Risk Management is the number one process for Identifying potential risks and creating a plan to eradicate or manage them!!

We don’t accept Risk, we continually Manage it!


Tim Swope


Catholic Health Services of LI

Mr. Timothy Swope is currently the CISO of Catholic Health Services, an 18,000 employee hospital group in Long Island, NY. He is an Information Security and IT Risk Management professional who partners with Chief Information Security Officers and IT Governance, Risk and Compliance executives to assess and deliver IT Security and Risk Management programs to Health Care and Insurance, Pharmaceutical and government agencies. After spending over 2 decades assisting clients implement secure enterprise BI, EHR, Meaningful Use and other data science systems, Tim knows and understands the requirements and components that create a secure information security posture. A key area of his expertise centers around interpreting and applying Federal, State and Industry regulations such as: DSRIP, HITRUST, HIPAA, NIST SP 800-53, 21 CFR Part 11, Health Insurance Reform: Security Standards, FISMA (Federal Information Security Management Act) and locally the Zadroga Act to name a few.

He also supported cyber security requirements for Medicaid’s Delivery System Reform Incentive Payment (DSRIP) Program at 2 of New York’s largest PPS’s (Performing Provider Systems) Northwell Health and NYC Health and Hospitals.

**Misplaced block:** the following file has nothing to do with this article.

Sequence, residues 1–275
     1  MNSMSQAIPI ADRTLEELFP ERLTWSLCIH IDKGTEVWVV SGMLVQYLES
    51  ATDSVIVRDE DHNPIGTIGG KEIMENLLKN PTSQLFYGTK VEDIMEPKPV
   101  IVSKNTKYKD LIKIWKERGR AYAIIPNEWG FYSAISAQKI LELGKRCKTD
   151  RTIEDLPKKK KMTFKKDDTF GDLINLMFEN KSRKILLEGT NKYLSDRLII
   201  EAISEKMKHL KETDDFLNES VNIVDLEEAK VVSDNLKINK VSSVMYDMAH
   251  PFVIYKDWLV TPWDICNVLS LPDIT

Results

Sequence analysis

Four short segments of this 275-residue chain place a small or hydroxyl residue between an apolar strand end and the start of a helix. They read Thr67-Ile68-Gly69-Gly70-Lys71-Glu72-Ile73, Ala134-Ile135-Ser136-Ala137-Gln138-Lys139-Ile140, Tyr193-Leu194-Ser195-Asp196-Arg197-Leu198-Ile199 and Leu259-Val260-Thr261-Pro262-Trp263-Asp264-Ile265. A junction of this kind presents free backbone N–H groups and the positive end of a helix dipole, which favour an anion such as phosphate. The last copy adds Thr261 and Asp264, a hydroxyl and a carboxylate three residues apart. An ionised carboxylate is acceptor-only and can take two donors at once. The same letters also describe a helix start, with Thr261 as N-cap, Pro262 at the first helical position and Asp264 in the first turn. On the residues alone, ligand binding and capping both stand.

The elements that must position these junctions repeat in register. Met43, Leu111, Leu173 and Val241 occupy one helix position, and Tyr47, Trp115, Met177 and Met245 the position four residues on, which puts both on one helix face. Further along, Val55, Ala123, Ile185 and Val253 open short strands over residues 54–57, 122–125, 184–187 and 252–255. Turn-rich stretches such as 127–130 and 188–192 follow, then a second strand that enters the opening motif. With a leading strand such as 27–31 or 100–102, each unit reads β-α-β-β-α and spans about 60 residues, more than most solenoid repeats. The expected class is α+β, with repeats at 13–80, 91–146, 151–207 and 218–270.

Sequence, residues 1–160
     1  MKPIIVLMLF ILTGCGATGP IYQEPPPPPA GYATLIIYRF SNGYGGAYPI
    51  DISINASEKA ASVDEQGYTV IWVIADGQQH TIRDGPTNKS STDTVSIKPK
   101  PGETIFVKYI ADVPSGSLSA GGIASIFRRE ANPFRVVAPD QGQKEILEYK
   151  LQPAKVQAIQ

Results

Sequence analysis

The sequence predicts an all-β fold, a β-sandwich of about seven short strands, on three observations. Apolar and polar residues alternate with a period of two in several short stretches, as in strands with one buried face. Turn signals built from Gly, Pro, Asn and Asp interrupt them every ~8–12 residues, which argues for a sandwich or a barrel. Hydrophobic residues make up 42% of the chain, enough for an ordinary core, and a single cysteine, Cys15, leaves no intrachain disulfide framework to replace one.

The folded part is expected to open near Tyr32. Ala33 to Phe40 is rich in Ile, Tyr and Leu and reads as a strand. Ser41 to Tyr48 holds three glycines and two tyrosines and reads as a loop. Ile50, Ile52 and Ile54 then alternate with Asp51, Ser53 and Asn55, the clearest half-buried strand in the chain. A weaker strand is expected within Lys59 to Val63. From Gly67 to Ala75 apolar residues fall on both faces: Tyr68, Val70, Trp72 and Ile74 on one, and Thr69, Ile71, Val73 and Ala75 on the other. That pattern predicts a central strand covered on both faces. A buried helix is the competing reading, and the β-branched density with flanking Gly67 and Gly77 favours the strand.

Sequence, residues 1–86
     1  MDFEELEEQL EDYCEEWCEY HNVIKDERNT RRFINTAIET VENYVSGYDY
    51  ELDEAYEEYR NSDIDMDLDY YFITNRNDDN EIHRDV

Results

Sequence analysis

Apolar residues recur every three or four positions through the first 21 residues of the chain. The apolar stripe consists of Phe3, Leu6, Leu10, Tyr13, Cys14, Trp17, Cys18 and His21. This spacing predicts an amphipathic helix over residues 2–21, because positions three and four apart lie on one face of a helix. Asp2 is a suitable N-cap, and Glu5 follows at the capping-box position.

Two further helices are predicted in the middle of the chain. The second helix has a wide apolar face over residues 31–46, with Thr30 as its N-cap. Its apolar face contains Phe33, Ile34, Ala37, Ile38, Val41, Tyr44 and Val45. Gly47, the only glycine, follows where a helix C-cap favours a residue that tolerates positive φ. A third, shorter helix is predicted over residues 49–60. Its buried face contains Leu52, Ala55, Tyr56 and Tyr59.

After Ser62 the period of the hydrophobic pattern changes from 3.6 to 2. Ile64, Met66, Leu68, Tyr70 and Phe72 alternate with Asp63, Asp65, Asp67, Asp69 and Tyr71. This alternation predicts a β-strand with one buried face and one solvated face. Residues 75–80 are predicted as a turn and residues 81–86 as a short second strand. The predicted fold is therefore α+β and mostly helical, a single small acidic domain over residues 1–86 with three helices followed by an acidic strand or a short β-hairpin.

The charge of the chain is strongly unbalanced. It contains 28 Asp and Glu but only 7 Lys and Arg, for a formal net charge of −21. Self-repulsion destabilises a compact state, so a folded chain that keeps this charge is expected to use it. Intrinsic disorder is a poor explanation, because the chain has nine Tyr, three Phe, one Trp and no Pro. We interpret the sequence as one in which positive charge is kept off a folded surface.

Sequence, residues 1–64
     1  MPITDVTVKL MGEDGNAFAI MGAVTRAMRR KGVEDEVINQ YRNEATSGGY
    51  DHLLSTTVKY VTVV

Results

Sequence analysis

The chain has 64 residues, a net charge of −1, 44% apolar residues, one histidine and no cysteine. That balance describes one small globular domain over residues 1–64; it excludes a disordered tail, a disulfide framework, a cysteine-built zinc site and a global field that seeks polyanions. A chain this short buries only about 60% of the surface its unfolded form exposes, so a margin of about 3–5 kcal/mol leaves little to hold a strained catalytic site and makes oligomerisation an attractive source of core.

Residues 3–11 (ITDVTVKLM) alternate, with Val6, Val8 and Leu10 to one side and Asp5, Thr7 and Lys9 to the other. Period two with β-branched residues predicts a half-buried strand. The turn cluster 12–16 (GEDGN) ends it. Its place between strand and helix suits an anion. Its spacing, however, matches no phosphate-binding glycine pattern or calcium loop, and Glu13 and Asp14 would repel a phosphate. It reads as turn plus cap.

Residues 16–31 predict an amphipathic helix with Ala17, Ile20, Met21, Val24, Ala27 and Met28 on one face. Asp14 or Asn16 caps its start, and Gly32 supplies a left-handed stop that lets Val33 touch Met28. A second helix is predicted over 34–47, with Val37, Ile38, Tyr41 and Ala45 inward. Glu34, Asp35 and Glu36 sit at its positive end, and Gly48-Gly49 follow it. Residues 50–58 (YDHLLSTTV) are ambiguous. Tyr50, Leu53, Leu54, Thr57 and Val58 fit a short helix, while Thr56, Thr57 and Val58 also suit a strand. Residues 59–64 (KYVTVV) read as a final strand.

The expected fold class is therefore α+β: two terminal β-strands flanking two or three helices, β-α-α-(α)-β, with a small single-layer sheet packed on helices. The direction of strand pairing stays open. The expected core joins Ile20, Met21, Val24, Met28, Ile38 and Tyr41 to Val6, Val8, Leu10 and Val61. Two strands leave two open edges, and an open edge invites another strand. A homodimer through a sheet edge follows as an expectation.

He has supported the IT Risk Management and IS Security initiatives of organizations that include Excellus BCBS, Medimmune/ Astra Zeneca, MERCK, ENDO Pharmaceuticals, Novo Nordisk, Daiichi-Sankyo Solutions, Johnson and Johnson, District of Columbia Government office of the Chief Financial Officer, District of Columbia Water and Sewer Authority, City of Richmond, Virginia Department of Public Utilities.

How Travel Buyers and IT Managers Collaborate to Secure Sensitive Company Data

Global business travel spending reached $1.33 trillion in 2017 and is forecast to advance another 7.1 percent in 2018. As this investment continues to rise, it’s increasingly important to help business travelers protect sensitive company information while they are in transit. The cost of neglecting this risk is high, as a single data breach costs an average of $3.62 million.

Data Privacy

Travel buyers within large companies do more than negotiate supplier agreements. They set travel policies that can help reduce an organization’s risk. As such, both IT managers and travel buyers have an important role to play in data security. By coordinating efforts, they can ensure that business travelers are trained, equipped and updated on best practices to help keep personal and company information safe while traveling.